Workshop: The Lost Sense
By Lazette Gifford
© 2007, Lazette
Andrea walked home from school on the cool November afternoon. Above
her, geese flew, their arrow formation heading southward through a
cornflower blue sky dotted with fleecy white clouds. Dead leaves,
yellow and brown, crunched loudly beneath her feet, marking her
passage with the snap of each step.
She rolled a small piece of peppermint candy across her tongue -- the
taste sharp and sweet -- and reminding her of the holidays to
come. She wished time would pass faster. Grandma and Grandpa
would be home for the holidays. She couldn't wait.
The scent of wood smoke hung in the air as she neared home. She kicked at
more fallen leaves and then raced the rest of the way to the small
house at the end of the street.
As humans, we perceive the world in five
senses, but often there is one or two of our senses that get lost in our
writing. Sight, sound and scent are prevalent in most works. Taste
comes in sometimes... but touch is often forgotten in common scenes.
And yet we feel everything, all the time
-- from the brush of soft clothing to the press of fingers against
slick, cool keyboard keys. We are mostly unaware of our sense of touch
until something unusual draws us to it: unexpectedly cold bath water,
ruffled fur on a cat's back, sticky candy left to melt in a coat pocket.
This lost sense can add something
special to your story -- the right 'touch' at the right time, so to
speak. However, in order to use the sense of touch in your story, you
have to be more aware of it in your own world.
Step # 1
Reach out with your hand and touch three
different things. What makes them feel alike? What makes them feel
different? What words come the quickest to you?
Zaphod the cat has what we call rabbit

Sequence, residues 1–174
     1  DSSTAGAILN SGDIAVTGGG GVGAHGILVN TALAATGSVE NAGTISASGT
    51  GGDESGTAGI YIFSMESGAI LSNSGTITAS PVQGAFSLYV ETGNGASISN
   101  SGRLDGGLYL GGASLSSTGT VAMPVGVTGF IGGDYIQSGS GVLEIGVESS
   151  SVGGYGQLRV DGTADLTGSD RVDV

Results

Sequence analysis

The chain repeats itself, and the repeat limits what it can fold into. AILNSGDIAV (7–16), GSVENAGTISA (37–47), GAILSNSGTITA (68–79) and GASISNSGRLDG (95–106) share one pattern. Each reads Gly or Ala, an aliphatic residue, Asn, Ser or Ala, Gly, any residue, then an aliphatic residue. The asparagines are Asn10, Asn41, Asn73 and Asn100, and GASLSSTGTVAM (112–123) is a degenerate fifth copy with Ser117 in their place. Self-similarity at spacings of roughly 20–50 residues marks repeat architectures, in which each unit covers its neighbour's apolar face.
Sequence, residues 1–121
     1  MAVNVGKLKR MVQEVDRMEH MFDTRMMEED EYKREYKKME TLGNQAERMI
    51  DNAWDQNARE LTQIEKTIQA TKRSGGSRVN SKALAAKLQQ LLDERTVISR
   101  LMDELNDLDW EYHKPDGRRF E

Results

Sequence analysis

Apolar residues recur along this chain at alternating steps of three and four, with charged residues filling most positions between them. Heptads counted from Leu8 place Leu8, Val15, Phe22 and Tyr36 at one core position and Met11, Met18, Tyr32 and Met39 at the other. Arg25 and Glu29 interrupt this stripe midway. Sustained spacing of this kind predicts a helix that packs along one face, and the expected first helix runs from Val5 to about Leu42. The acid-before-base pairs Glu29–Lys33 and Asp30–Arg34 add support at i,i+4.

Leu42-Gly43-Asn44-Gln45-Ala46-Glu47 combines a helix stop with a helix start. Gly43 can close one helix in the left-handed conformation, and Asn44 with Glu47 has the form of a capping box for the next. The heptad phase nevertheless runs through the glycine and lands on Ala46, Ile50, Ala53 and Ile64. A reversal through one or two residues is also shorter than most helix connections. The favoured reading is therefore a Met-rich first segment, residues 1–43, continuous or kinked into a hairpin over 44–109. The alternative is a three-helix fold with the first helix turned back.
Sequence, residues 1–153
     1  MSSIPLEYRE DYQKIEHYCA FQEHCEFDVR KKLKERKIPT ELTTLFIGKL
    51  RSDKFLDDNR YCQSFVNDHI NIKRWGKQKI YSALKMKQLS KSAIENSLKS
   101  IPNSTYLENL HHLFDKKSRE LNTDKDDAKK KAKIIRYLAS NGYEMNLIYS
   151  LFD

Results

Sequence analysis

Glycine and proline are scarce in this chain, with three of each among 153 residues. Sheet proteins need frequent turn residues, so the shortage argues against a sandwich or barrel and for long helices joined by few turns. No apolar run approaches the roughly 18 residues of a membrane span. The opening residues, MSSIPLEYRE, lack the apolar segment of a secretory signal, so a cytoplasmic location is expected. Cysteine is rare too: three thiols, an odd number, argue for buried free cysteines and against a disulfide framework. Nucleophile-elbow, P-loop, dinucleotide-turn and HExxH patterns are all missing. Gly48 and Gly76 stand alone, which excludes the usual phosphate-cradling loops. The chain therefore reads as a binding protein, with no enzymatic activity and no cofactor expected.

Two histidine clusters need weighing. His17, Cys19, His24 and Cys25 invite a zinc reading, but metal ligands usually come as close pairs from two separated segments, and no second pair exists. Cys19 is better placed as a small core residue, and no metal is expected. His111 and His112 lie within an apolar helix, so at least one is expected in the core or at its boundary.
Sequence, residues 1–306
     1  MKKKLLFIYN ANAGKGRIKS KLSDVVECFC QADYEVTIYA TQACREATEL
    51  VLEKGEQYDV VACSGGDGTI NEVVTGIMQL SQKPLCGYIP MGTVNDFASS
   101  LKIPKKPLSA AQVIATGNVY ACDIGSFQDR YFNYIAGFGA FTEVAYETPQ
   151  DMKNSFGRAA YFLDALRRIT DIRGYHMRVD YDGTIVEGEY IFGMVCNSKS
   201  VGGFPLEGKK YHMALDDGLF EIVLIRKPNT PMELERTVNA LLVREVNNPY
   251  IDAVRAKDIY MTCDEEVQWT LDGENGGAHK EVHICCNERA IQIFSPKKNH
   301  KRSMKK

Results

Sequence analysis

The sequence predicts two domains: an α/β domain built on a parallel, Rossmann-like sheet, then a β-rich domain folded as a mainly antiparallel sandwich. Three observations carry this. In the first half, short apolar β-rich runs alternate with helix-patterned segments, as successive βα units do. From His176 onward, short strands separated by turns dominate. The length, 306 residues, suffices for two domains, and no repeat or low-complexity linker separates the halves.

fur around here -- softer and silkier than most cat pelts. Beside him
sits a white teddy bear with uneven fur that feels like brushed cotton,
while the red bow around his neck looks silken, but feels like a finely
woven rough net.
Because touch is so constantly with us,
it goes unnoticed until we find that extraordinary moment -- the
vibration of the ground when a train is passing nearby, for instance.
And this is how it should be for your characters as well. Too much
tactile description feels unnatural to the reader, and should only be
used often if you are painting an extraordinary character for whom touch
means more than it does to the normal person.
We notice touch mostly in the moment
when it presents change from the norm. Warm tea on a cold day combines
both taste and touch... but how often do we hold the cup for warmth,
breathe in the scent of the tea, and only taste it at the last?
Most often we also think of touch in
terms of antonyms:
Step # 2
Write a scene contrasting two forms of
touch -- either from the list above or some other combination you can
come up with. Find at least two different words for each 'touch' that
further defines the experience.
She poured tea into the cup on the tray
and handed it to him. The cup felt startling cold at first, but in
moments the fragrant tea began to warm the fragile porcelain, changing
it from icy cold to pleasantly warm, and off-setting the chill of the
The addition of these new descriptions
can be subtle, electrifying or sensual. It can blend into another sense
descriptions or stand out on its own.
Many stories can benefit from a bit of
tactile description. Try looking through one or two scenes of our
own and see if you can't find somewhere to add a few extra 'touches' to
bring out a new layer in description.
Find something of your own where you can
add a little bit of tactile description and create more description and
depth for a scene.
The trees became shadows again. He
found it far more difficult to stay connected to the world when
everything shifted to shades of black and grey. He wanted the green
back, and blessed the little flying flowers moving across his blurred
vision, drawing him back from wherever his mind tried to wander. He
gently brushed his hands against the slick damp bark of every tree that
came within reach, welcoming the solid reality as another
tangible link to the real world.
Keep the idea of touch in mind while you
write and look for ways to describe the world around your characters
using this extra sense. Just remember, like in the real world,
characters are not going to be constantly aware of everything they brush
up against or touch. Reserve this sense for the moment of something
extraordinary -- the first touch of a human hand against an alien plant,
something unexpected felt in the dark